[Insert Patient Address]
[Insert Patient City, State, Zip]
[Insert Patient Telephone No.]

Thin Gray Line

Download Word Document of Alternatives Here

For more information on the PMU industry, please read the iFH Fact Sheet >>

Read articles about Premarin and the horses on Tuesday’s Horse >>

Thank you, Jane, for your stellar work and leading our Team in this effort.

35 thoughts on “Alert your doctor not to prescribe Premarin for menopausal symptoms”

  1. I was prescribed Premarin in the UK after a hysterectomy. I was in the dark to any problems, until my right leg started losing its form on my thigh. I was referred to a specialist at Bristol hospital. She invited several students to join in the examination on my leg. I was told that I had LYPODYSTROPHY. I had read an article that Michael Jackson (now deceased) was taking a medication to keep his weight down which came from PREGNANT Mare’s urine. I stopped taking PREMARIN and my leg eventually returned to normal! It had been banned in France when we moved here in 2004!!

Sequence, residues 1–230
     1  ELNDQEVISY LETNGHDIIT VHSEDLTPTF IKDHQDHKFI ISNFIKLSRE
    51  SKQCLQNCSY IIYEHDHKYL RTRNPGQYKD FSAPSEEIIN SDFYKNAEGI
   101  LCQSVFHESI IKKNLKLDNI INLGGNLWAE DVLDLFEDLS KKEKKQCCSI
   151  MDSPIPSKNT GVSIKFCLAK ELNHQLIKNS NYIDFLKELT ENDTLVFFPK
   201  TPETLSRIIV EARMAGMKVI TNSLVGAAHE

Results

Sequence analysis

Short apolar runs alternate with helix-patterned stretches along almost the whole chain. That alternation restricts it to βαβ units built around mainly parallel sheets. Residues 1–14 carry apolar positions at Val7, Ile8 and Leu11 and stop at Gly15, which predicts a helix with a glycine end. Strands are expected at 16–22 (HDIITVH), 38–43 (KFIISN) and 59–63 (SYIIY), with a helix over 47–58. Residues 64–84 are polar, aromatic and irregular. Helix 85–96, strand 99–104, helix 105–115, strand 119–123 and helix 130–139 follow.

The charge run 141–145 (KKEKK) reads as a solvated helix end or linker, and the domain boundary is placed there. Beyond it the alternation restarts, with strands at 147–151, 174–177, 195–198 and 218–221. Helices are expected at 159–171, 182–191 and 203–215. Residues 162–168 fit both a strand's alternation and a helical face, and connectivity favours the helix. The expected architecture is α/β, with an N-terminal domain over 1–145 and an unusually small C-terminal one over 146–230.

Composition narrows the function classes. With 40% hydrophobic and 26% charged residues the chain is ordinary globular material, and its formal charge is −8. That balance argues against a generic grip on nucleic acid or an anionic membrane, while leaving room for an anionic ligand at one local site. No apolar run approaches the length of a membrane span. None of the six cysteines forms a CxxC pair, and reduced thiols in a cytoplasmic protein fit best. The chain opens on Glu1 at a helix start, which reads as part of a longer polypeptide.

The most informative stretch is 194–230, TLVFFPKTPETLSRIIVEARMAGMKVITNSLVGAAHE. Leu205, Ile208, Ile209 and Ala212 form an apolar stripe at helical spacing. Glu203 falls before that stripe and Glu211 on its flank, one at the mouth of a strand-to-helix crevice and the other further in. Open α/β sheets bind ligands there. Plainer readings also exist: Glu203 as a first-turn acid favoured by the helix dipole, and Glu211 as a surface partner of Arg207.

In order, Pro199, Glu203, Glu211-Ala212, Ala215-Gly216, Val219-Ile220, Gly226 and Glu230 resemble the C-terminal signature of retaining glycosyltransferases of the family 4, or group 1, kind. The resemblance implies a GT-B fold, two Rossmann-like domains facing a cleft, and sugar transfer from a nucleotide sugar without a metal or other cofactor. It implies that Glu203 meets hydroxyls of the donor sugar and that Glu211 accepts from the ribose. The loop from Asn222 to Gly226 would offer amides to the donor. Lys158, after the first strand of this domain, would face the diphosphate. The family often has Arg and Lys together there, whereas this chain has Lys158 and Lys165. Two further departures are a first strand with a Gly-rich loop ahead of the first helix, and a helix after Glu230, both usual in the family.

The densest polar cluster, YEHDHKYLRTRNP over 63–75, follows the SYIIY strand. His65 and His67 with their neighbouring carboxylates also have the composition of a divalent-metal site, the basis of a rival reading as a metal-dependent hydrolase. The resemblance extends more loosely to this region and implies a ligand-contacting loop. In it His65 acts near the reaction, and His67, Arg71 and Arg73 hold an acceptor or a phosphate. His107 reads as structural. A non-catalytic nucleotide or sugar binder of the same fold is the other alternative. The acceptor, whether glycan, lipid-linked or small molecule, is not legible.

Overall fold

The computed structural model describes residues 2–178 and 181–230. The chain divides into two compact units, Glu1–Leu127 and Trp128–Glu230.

2. I would like to see a list of which hormone replacements contain the urine of doctor tells me my medication doesn’t.i take femeston.i think a list of the actual hormones which are directly linked would make the awareness higher and have a bigger impact on our choices.lisa


    1. In North America the only products that contain “real” pregnant mare’s urine are the Pfizer Premarin brand of producst (Premarin, Prempro, Duavee, etc.). Despite the fact that the Premarin patent has expired, Pfizer/Wyeth have won all of their court cases against any drug company that has tried to reproduce Premarin using mare’s urine.
      Companies that have attempted to market generic versions of Premarin® have encountered FDA regulatory problems, as opposed to patenting problems. The two main lines of reasoning cited by the FDA for its prior refusals to approve generic versions of Premarin® have related to characterization and bioequivalence.